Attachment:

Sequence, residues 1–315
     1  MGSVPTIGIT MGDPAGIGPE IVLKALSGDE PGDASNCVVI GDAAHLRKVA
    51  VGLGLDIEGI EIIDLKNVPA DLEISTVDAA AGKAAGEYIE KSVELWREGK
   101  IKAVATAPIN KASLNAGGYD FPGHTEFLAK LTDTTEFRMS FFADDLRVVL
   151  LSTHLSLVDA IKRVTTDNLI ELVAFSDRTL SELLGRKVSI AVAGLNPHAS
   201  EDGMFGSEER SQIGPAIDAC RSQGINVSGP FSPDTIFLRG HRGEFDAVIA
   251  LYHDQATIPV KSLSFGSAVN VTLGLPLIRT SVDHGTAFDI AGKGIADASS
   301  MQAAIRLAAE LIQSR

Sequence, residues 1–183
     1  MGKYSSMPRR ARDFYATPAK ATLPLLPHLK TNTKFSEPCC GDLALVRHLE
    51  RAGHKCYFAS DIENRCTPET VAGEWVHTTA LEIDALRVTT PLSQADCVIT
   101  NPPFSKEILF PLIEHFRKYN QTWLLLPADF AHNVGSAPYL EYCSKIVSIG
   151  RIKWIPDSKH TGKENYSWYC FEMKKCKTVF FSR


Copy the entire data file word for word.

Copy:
Sequence, residues 1–315
     1  MGSVPTIGIT MGDPAGIGPE IVLKALSGDE PGDASNCVVI GDAAHLRKVA
    51  VGLGLDIEGI EIIDLKNVPA DLEISTVDAA AGKAAGEYIE KSVELWREGK
   101  IKAVATAPIN KASLNAGGYD FPGHTEFLAK LTDTTEFRMS FFADDLRVVL
   151  LSTHLSLVDA IKRVTTDNLI ELVAFSDRTL SELLGRKVSI AVAGLNPHAS
   201  EDGMFGSEER SQIGPAIDAC RSQGINVSGP FSPDTIFLRG HRGEFDAVIA
   251  LYHDQATIPV KSLSFGSAVN VTLGLPLIRT SVDHGTAFDI AGKGIADASS
   301  MQAAIRLAAE LIQSR

Sequence, residues 1–183
     1  MGKYSSMPRR ARDFYATPAK ATLPLLPHLK TNTKFSEPCC GDLALVRHLE
    51  RAGHKCYFAS DIENRCTPET VAGEWVHTTA LEIDALRVTT PLSQADCVIT
   101  NPPFSKEILF PLIEHFRKYN QTWLLLPADF AHNVGSAPYL EYCSKIVSIG
   151  RIKWIPDSKH TGKENYSWYC FEMKKCKTVF FSR